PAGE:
In-Person Payments – If you’d prefer to pay your taxes in person, you can pay your bill with debit or cash at a Canada Post location (note that service fees apply for this payment method). You can also pay at most Canadian banks, credit unions, and financial institutions using a cheque or debit card and a personalized remittance voucher.
What Happens if You Can’t Pay Your Taxes in Canada?
No one likes getting a surprise tax bill, but sometimes you end up owing quite a bit more money to the CRA at the end of tax season than you initially expected.
If you can’t afford to pay your taxes in full right now, you have a few options. The first option is to set up a payment arrangement with the CRA. In these situations, the CRA will work with you to come up with a payment plan that suits your needs. Note that there is normally an interest rate associated with payment plans, but they’re typically lower than what you’d get with a personal loan.
Alternatively, if you can’t afford to pay your taxes at all, you’ll still want to be proactive about your situation. Contact the CRA directly to discuss your circumstances and to see if you can find a way to create a payment plan for your tax bill. A CRA agent will work with you to determine a course of action that’s possible given your unique situation.
However, you don’t want to get yourself into a situation where you simply don’t pay your taxes because you can’t afford to do so. There are consequences to not paying your taxes, including garnished wages, asset seizure, and legal action. Be proactive about your situation and contact the CRA right away if you’re concerned about your ability to pay your tax bill.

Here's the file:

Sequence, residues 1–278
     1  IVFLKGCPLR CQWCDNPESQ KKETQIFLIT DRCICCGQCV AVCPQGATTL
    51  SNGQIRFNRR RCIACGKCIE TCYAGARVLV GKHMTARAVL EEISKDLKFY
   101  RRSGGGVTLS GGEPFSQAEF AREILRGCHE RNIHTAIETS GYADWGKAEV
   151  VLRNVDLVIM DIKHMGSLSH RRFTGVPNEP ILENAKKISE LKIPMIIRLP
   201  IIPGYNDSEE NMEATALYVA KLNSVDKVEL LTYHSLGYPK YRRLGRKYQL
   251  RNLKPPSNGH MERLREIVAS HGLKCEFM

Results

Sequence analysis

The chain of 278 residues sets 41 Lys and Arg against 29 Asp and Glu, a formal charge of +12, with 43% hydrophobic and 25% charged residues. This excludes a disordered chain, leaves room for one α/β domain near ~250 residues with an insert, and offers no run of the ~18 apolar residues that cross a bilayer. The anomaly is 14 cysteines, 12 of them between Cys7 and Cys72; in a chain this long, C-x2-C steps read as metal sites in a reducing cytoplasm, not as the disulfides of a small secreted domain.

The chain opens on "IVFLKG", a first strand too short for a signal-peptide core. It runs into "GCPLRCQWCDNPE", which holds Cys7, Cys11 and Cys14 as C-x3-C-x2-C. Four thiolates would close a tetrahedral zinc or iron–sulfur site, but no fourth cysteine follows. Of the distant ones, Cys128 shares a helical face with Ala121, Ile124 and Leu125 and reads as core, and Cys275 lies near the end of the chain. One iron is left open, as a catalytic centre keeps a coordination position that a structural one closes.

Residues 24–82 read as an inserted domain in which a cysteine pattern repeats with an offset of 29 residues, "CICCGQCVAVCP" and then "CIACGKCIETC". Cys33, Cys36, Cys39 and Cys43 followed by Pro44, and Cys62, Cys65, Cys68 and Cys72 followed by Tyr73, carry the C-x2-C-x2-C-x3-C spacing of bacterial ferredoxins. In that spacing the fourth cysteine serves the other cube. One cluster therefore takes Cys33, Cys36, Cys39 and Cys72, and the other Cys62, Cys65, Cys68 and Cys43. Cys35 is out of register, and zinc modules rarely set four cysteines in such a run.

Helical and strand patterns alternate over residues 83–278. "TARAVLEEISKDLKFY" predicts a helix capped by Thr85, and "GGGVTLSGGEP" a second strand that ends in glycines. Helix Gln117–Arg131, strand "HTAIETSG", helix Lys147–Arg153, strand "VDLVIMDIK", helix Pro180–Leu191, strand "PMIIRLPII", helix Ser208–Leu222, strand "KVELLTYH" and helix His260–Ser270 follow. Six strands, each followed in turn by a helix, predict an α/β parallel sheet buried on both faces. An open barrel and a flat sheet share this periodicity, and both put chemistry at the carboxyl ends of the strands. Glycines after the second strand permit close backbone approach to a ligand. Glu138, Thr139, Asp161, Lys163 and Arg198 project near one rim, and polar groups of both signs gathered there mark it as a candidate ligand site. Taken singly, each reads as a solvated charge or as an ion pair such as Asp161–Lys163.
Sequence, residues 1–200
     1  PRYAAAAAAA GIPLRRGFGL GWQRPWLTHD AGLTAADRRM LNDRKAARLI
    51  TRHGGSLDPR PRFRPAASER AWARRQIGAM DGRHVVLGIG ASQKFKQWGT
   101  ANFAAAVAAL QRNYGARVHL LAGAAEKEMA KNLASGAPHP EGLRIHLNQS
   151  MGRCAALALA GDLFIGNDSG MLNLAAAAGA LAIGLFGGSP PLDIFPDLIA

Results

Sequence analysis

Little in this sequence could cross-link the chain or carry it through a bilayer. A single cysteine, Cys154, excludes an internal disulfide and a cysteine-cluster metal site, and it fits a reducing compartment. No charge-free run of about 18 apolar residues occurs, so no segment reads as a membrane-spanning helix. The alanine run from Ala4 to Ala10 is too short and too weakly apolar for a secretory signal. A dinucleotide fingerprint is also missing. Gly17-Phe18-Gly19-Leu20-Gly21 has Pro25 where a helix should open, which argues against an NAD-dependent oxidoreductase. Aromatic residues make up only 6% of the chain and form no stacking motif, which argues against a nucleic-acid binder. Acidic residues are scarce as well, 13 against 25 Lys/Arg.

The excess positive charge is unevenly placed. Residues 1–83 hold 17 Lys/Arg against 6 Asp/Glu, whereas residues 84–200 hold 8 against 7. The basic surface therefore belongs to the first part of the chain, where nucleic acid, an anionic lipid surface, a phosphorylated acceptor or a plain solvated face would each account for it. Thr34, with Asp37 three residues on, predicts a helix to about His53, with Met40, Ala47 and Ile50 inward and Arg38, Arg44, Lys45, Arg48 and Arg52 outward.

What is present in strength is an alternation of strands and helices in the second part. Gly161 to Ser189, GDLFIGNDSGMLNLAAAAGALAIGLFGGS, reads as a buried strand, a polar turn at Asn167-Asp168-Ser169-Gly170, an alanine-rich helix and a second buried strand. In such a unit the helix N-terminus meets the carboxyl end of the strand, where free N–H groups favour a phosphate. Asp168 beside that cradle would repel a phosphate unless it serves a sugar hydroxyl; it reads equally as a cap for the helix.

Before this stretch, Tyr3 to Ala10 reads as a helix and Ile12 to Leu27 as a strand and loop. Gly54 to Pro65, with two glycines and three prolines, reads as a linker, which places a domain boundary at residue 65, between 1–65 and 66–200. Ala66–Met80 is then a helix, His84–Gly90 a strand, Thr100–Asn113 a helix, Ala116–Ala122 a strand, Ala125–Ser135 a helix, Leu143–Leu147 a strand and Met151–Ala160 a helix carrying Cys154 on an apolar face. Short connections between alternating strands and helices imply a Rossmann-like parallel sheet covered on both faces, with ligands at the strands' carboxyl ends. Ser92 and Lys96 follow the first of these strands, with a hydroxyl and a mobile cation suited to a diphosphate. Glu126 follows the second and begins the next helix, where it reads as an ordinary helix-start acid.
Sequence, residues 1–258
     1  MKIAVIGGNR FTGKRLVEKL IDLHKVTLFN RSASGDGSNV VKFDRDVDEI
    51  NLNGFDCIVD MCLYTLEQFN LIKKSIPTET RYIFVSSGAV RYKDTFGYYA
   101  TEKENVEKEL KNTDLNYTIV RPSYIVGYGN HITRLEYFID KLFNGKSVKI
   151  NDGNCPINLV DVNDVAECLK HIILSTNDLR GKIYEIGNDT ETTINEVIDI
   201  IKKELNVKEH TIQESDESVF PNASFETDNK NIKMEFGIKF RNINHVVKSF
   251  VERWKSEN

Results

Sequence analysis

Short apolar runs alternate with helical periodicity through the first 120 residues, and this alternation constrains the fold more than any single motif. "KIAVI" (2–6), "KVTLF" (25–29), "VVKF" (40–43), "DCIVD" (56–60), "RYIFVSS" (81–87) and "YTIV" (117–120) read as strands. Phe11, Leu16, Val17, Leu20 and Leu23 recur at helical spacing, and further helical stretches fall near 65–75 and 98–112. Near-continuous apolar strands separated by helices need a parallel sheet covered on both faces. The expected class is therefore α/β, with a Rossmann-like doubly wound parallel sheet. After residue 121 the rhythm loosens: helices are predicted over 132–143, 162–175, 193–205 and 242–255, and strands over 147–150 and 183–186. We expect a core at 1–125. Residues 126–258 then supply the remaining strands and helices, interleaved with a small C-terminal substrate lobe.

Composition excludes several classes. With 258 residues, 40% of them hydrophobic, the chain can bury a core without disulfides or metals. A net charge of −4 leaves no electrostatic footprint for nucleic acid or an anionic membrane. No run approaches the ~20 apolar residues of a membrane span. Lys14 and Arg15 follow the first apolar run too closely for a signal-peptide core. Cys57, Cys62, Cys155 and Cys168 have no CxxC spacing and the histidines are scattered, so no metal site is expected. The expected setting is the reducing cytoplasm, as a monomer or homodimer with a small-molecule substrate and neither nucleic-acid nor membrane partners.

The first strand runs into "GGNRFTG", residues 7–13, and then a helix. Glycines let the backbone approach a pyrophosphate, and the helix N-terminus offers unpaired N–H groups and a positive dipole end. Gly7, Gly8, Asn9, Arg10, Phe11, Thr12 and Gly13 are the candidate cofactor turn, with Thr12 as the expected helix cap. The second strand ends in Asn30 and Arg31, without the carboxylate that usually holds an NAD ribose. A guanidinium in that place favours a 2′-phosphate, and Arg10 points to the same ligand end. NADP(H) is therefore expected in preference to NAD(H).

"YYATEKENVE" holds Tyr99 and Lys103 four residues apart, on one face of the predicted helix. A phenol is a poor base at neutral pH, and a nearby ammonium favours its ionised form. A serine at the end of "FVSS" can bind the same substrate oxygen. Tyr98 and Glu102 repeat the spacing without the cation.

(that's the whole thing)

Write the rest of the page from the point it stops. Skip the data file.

What Happens if You Pay Your Taxes Late in Canada?
We’ve all been there: Tax season sneaks up on you and, before you know it, April 30th has come and gone, but you’ve yet to pay your taxes. Uh oh.
So what happens if you pay your taxes late in Canada?
Paying your taxes late in Canada typically results in a penalty and some late-payment interest charges.
Late tax payment penalties typically start at 5% of your owed tax balance and they increase from there. The rate normally increases every month until you pay your taxes. You may also be charged additional fees or penalties if you made a late or insufficient tax installment payment.
All of these fees and penalties can add up quickly. That’s why it’s so important to pay your taxes on time whenever possible. But if you do accidentally forget to pay your taxes on time, be sure to file your return as soon as possible. If you can’t afford to pay your late penalties or interest charges, contact the CRA to see if you can request a cancellation or waiver for these fees.
The Secret to Tax Season? Get Started Early
Filing and paying taxes in Canada can be stressful, but it doesn’t have to be that way. Getting started early on your tax return can give you the time you need to work your way through the tax filing process at your own pace.
Once you’ve filed your taxes, your next step is to see whether you’re getting a refund or if you owe money to the CRA. If you do owe money, you can make your tax payment in a number of different ways, including online, via mail, or in-person at a post office or financial institution.
So there you have it, folks: That’s paying your taxes in a nutshell. Regardless of how you choose to pay your taxes this year, be sure to do so on time so you can avoid interest penalties and fees. That way, you can use your money for the things that matter most to you.
Gaby Pilson is a writer, educator, travel guide, and lover of all things personal finance. She’s passionate about helping people feel empowered to take control of their financial lives by making investing, budgeting, and money-saving resources accessible to everyone.